For good relationships with your customers focus on the cornerstones, focus on integrity, responsiveness and transparency. That also goes for good relationships with your employees and other stakeholders.
3. Authenticity will be needed in communication for trust
Increasingly, you’ll find people will resent being “talked at” or “sold to.” They’re tired of being patronized. They like the concept of sharing.
As we’ve seen, people are wary of institutions like government and politicians and the news media. They’re more likely to trust the opinions of their friends and online reviews.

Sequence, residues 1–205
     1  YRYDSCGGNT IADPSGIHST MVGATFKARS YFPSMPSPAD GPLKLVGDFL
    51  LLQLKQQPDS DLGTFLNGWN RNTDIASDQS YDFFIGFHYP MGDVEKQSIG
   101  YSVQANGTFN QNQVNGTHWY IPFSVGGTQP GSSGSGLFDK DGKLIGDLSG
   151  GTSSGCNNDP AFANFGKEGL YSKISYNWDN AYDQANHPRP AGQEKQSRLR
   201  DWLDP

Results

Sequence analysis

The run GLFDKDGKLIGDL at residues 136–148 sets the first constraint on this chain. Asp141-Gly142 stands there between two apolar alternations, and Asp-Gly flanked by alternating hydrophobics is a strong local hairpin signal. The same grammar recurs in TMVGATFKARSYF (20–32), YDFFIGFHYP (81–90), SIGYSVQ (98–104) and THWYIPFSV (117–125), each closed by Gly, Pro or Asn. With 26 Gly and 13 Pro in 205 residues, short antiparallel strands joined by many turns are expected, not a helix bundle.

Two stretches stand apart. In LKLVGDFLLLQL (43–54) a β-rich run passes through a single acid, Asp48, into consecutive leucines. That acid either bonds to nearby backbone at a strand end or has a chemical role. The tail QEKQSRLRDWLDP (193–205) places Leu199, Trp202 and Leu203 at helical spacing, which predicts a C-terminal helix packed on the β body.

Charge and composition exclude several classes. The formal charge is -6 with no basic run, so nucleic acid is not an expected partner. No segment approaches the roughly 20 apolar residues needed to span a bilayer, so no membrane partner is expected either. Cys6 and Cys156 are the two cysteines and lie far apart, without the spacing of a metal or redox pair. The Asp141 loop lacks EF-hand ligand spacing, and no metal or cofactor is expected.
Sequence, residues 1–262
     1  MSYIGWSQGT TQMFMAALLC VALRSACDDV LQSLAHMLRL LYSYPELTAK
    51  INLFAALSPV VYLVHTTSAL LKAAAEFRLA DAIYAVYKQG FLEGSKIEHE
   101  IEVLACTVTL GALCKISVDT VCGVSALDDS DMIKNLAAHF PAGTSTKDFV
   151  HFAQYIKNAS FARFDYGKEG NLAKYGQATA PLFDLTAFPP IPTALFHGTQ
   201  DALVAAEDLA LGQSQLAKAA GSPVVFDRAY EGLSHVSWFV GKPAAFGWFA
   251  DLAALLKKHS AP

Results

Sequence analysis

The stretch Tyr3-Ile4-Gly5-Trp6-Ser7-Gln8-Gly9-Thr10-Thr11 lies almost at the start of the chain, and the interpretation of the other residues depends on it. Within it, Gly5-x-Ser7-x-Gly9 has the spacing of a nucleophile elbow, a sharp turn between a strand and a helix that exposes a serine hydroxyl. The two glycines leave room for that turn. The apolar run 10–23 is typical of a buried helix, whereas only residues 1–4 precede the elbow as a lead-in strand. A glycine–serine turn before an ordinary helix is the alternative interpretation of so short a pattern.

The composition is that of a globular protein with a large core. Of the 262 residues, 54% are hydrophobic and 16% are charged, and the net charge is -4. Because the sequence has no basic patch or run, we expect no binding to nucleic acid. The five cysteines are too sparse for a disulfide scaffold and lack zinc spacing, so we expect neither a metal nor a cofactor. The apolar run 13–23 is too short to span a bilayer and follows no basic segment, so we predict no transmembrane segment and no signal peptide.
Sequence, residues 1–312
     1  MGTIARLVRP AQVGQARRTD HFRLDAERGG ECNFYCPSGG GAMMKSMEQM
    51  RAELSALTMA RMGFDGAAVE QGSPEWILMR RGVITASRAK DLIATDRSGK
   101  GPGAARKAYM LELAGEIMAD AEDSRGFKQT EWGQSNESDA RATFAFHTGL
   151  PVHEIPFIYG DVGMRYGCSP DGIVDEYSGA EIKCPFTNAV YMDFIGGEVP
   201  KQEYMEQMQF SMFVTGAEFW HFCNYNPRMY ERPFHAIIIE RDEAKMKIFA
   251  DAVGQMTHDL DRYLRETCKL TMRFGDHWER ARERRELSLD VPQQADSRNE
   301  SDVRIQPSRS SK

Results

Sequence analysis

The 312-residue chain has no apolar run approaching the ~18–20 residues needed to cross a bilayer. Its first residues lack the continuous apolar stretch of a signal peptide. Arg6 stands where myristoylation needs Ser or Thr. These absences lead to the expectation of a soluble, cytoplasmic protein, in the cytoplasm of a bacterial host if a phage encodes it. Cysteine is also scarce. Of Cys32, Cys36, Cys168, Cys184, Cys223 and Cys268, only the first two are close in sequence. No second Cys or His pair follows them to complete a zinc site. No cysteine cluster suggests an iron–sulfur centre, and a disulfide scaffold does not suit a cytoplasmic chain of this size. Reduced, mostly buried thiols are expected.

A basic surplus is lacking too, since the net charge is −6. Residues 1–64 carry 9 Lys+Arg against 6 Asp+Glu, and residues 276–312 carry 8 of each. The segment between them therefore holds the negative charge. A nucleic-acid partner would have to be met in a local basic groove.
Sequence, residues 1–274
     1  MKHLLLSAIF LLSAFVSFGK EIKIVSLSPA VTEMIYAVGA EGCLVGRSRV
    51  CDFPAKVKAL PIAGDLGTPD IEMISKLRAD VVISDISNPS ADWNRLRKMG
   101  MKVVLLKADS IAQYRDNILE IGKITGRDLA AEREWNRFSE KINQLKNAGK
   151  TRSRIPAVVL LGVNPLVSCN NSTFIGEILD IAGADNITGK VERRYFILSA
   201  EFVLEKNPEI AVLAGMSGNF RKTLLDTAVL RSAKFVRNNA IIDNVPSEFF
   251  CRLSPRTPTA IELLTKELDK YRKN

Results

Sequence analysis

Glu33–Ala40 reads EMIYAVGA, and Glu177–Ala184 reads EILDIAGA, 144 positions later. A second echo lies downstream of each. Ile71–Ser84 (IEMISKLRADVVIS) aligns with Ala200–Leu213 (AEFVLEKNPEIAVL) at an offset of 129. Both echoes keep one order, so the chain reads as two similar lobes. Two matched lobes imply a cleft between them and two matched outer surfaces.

This means you’ll profit if you focus more on participation than persuasion. Build trust to create friends.
With consumers trying to cope with information overload – you will increase B2C sales with long-term customer loyalty – if you build trust by using best practices.
It may be an obvious approach, but it’s confirmed by a study that shows 84 percent of the respondents declared trust must be warranted before they buy. So if you want more business, build trust with consumers.
Many companies will be more successful if they update their approaches in human resources for employee engagement and business success.
4. Artificial intelligence will become more intelligent
It’s been a long time coming, but machines and software are increasingly being created for intelligence. The term, artificial intelligence, was first used in 1955.
Published reports indicate at least two major companies are using robots in customer service – Lowe’s and McDonald’s.